Experts say methamphetamine is widely available in Rotorua and its accessibility is growing despite the fact meth labs are uncommon in the area.
Detective Sergeant Mark Van Kempen from the Criminal Investigation Branch said methamphetamine was available in Rotorua, as it was in other areas in New Zealand.
"For a person in the meth scene, it is easy to access and get hold of or to purchase.
"Meth labs are not that common in Rotorua. That is because there is a ready supply of end product and manufacture is not necessary."
In a response to an Official Information Act request sent by the Rotorua Daily Post, John O'Keeffe, co-ordinator of the National Drug Intelligence Bureau, said that there had been six meth labs discovered in Rotorua in the past five years.
The statement also said there had been seven people prosecuted for making methamphetamine in the same time frame.
Eight other houses had been searched but did not meet the criteria of a "meth lab", the statement said.
Mr Van Kempen said there had been an increase to accessibility of the drug in recent years, "but once again that accessibility is restricted to those in the scene".
"With drugs, whatever the type, comes crime. Drugs are still a major driver of family harm and volume crime and as the drug problem increases so does the crime."
Mr Van Kempen said methamphetamine and cannabis were problems.
"Police deal with the issue by investigating reports of drug use, sales and manufacture. Those who are identified as being involved are dealt with in a manner appropriate to the situation."
He said if anyone suspected a drug house was operating in the community, call Rotorua police on (07) 349 9400 or Crimestoppers on (0800) 555 111.
Lakes District Health Board communications officer Sue Wilkie said methamphetamine substance abuse was an issue for all District Health Boards throughout New Zealand.
"Its increased prevalence and use can create negative consequences for users and their families, and for society more broadly."
She said the Lakes District Health Board's Mental Health and Addictions Service received and treated clients with methamphetamine addictions or increased psychosis (where the client has an underlying mental health illness) as a consequence of abuse of the substance.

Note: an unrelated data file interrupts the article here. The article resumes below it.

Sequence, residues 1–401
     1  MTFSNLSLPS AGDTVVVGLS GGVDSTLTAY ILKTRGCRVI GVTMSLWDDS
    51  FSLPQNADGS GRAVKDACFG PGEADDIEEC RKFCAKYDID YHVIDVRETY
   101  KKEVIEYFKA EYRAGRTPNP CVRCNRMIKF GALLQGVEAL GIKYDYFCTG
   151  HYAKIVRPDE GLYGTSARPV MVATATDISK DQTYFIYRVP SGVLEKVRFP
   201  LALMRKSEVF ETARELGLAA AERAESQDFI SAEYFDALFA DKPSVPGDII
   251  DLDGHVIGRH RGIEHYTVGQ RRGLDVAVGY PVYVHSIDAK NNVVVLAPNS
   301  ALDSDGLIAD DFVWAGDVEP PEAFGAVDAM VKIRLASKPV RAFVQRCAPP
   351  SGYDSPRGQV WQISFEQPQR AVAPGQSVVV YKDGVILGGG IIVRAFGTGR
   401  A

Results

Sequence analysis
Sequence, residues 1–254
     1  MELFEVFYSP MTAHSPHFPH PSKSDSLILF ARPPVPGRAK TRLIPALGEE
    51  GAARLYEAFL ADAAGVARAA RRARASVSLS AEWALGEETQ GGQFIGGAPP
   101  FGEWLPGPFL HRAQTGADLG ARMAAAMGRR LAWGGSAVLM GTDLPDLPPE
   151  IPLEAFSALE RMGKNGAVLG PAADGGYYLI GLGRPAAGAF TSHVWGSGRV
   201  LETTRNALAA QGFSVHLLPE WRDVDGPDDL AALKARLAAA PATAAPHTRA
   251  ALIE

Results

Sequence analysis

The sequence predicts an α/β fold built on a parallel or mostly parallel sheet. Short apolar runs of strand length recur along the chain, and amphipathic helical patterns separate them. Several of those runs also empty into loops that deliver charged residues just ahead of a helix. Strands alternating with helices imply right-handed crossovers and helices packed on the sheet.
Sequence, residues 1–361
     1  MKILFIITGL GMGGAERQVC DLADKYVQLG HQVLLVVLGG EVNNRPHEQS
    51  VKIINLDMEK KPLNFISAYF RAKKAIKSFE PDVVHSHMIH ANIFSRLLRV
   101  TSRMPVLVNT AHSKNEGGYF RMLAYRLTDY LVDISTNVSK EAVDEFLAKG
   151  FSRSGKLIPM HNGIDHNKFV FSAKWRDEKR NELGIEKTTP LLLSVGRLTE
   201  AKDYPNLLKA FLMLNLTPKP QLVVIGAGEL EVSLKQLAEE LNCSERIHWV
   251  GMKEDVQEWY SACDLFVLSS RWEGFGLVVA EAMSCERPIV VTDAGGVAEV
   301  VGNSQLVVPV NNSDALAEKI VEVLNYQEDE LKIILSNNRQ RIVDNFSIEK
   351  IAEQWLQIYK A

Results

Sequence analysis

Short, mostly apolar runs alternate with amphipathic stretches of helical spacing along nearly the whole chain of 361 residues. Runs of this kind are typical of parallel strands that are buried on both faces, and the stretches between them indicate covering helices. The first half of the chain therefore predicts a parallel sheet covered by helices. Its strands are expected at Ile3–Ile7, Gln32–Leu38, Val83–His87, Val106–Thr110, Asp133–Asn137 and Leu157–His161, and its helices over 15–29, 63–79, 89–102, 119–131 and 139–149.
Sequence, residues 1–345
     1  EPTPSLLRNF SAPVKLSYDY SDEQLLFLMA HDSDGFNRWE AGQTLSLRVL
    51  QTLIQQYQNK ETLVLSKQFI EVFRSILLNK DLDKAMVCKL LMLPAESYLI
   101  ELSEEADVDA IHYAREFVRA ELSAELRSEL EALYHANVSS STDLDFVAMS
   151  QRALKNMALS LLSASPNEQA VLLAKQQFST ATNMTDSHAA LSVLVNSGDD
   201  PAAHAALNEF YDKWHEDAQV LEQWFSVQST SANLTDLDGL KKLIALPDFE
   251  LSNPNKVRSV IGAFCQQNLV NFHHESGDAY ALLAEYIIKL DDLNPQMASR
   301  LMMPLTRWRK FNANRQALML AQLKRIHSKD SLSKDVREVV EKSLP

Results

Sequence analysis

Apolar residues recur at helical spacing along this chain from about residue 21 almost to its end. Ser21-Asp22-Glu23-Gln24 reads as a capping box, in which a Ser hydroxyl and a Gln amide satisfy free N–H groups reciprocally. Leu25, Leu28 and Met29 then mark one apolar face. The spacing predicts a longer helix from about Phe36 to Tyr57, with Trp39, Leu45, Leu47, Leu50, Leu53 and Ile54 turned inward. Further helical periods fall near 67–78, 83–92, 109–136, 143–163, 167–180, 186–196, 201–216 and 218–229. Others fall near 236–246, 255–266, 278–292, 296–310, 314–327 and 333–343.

"All substance abuses create challenges to clients' mental and physical health ... as methamphetamine prevalence increases within Rotorua, there is a corresponding increase in clients attending mental health and addiction services.
"We do sometimes have patients presenting or brought to ED who have taken methamphetamine."
Miss Wilkie said the health board provided a series of health services to support people and their families living with addiction.
That included the mental health and addictions services, primary health care services and a number of non-governmental organisations.
"If you know, or believe, a family member has issues associated with substance abuse contact your GP or family doctor or any of the other mental health services to engage in treatment," she said.
Haehaetu Barrett, service manager at Lifewise Mental Health & Addictions Services said the people they treated had acknowledged there was an issue and came to get help.
"[Meth] has been around for a long time, what we are seeing is a problem not only in using, but the crime around it as well.
"The access to the drug is so available, anybody can get it, it's not hard.
"It's not just in one certain area it's throughout New Zealand and it's going to grow, people need to make a stance and stand up against it."
Ms Barrett said it's often about families helping those who were addicted as it was important for people to have support.
"We have counsellors and peer workers who have been there and have come through the other side."
She said they had three peer workers who had been addicts and had turned their lives around who now worked with those trying to do the same thing.
Te Utuhina Manaakitanga general manager Donna Blair said she and her staff believed there was an issue with methamphetamine in Rotorua.
"We hear stories from whai ora and whanau that there appears to be significant 'P' use in the community."
She said the number of people accessing treatment for P use was relatively small in comparison to alcohol and cannabis.
"This is not to say that it's not out there as people may go through their GP."
She said people who used 'P' knew where to get it from.
She encouraged anyone who wanted help for an addiction to seek support from a GP, whanau and friends or to go and see a duty counsellor, 1st floor, 1154 Hinemoa St or contact the AOD Helpline on (0800) 211 211.
But, she said the best thing to do was to "stop before you start, you do not know what's in it and will make things a hell of a lot worse".
Methamphetamine laboratories discovered:
Selwyn Heights: 1
In a vehicle: 1
Western Heights: 1
*There were none in 2013 or 2016 to March.
Suspected laboratories checked:
Western Heights: 1
Hannah's Bay: 1
Western Heights: 1
*There were none in 2011, 2014 or 2016 to March.